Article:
A-
Value

While the street price of ~$300 isn’t bad, Ruger is always on the higher end of the cost spectrum compared to competitors. Including the upgraded BX trigger or a low-cost factory brace option could push them over the edge into a perfect rating.

B+

Our Grade

A-

Reviewed by Jens Hammer

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Before we get into some of the aftermarket accessories, let’s dig into some basics. You’re going to need ammo and magazines. Here’s our top picks to get you started:

  • Ammo: The gold standard of .22LR ammo has long been the CCI Standard velocity 40gr.
  • Magazines: While you get one BX-15 magazine with this gun, you’ll want some bigger BX-25’s to pair with it.

Best Braces for the Ruger 22 Charger

If you don’t mind adding a little length to your gun to gain a whole lot of shootability and accuracy, adding a brace (or buttstock if you feel like navigating the ATF’s process for SBRs) is the easiest way to transform your 22 Charger.

This 3-position brace comes shipped completely ready for install. Veteran designed and ATF compliant, this brace will provide maximum stability and control when shooting your Ruger 22 Charger. CHECK PRICE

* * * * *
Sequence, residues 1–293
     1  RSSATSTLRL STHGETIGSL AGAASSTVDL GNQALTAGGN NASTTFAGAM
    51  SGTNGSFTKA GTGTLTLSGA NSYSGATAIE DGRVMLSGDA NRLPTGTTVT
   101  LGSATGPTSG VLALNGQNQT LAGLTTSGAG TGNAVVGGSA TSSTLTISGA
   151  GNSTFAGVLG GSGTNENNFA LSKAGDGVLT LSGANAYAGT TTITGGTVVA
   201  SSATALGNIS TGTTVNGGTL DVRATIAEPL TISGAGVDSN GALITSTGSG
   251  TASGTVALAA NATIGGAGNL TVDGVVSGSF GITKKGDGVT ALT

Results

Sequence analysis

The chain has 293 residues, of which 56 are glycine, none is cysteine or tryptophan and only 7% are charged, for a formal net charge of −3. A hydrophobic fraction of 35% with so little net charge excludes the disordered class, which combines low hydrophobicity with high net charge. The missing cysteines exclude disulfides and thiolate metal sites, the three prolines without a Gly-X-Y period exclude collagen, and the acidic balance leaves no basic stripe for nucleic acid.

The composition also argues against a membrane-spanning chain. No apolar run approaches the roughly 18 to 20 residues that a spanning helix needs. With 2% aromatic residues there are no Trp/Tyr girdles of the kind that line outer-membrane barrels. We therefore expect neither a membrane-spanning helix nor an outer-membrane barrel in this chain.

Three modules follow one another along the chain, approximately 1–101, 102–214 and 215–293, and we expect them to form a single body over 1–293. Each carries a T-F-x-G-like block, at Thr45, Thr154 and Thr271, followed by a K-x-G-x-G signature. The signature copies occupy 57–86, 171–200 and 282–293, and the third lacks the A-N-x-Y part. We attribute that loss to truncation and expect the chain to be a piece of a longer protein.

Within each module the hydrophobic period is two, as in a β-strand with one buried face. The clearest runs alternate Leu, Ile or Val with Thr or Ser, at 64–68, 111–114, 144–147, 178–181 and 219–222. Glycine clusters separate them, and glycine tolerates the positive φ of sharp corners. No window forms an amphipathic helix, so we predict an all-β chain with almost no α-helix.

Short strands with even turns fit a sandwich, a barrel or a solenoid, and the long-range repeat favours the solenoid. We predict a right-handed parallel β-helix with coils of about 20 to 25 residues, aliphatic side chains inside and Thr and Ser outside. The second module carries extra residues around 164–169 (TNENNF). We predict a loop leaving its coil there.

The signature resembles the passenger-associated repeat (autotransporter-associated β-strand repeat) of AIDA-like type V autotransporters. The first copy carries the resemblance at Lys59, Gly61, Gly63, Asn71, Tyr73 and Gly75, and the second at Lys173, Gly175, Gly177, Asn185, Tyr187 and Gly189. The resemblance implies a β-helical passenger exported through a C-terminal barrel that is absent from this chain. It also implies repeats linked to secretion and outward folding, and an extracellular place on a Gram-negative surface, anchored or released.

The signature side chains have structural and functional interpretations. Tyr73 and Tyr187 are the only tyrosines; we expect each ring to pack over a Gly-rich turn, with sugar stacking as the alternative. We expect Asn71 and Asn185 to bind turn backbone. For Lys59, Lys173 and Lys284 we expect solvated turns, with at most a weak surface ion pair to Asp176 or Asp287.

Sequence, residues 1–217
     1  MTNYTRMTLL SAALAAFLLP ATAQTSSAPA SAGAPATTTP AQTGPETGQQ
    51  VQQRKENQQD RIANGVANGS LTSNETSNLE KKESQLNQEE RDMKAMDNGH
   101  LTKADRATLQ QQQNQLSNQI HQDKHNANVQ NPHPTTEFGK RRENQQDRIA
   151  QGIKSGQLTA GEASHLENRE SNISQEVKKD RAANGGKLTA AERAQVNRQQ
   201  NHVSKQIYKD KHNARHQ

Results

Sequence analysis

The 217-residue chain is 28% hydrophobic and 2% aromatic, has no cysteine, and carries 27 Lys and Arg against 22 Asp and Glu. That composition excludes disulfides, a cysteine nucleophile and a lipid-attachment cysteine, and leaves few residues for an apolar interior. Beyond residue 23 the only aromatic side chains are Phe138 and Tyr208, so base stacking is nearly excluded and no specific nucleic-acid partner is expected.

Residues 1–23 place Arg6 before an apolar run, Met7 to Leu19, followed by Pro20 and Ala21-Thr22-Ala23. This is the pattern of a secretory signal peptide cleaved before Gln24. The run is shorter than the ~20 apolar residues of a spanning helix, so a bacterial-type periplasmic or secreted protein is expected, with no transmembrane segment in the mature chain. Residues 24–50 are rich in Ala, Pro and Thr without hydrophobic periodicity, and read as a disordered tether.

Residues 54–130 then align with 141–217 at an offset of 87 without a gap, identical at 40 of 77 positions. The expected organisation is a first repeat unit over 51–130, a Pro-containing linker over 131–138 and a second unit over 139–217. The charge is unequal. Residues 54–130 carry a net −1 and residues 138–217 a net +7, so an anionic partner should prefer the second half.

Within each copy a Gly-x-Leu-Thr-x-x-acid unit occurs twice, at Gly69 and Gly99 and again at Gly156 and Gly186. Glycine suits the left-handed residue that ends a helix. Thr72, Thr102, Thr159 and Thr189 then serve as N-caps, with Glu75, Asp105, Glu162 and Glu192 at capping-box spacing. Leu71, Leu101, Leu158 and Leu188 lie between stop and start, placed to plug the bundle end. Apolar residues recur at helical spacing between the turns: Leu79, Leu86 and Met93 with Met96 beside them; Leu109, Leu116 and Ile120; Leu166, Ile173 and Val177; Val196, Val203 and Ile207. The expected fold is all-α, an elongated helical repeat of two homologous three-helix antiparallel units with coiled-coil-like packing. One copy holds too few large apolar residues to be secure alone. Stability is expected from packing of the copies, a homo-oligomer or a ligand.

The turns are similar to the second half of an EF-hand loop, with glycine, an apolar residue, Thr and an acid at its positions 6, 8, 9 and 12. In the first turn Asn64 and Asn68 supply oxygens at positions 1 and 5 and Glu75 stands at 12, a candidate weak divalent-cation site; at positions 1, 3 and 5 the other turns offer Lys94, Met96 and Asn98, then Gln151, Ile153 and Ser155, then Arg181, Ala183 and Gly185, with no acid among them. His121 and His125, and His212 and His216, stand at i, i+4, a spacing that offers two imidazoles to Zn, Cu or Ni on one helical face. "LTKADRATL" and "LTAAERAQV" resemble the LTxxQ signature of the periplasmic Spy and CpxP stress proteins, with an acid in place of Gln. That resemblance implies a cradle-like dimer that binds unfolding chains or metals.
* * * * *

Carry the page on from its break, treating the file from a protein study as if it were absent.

SB Tactical has been the forerunner of firearms Braces since the get-go. Their SBM4 is a top-flight brace, with options in black or flat dark earth. However, you will need an AR15 adapter kit such as the one below.

Check Price

The Farrow Tech adaptor turns the back of your 10/22 Charger into a faux AR15 receiver, allowing you to use an AR15 buffer tube and nearly any of the myriad AR-based stocks and braces.

Check Price

Best Optics for the Ruger 22 Charger

As this 22 Charger doesn’t come with iron sights, you’ll need to add on an optic. 

My favorite red dot for such an application is the reliable and inexpensive Bushnell TRS-26.  Its predecessor the TRS-25 was a legend among bargain hunters, and the TRS-26 improves in every category. CHECK PRICE

For a little more magnification, consider the excellent Classic Series 6×32 magnification optic from Primary Arms.  Simple, lightweight and reliable.

Check Price

If variable magnification is what you prefer, the Vortex Crossfire II 2-7×32 is both designed for the job, and priced very competitively.

Check Amazon Price

How to Care for Your Ruger 22 Charger

If you’re looking for more information on how to care for, take down, and customize your Ruger 22 Charger, take a look at this video by The Sportman’s Shop. It’s a super informative video that anyone considering buying a Charger should watch.

Important Links And Manuals For Your Ruger 22 Charger

Looking more info regarding the Ruger 22 Charger? Check out the following resources:

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About Jens Hammer

Life is an adventure for Alaskan expat Jens Hammer-a.k.a. Rex Nanorum. He’s a combat veteran with the 2nd Bn, 75th Ranger Regt and has completed 5 tours between Afghanistan and Iraq. Now, Rex is a certified helicopter pilot instructor, salvage diver, commercial fisherman, and personal trainer. And Gun University contributor.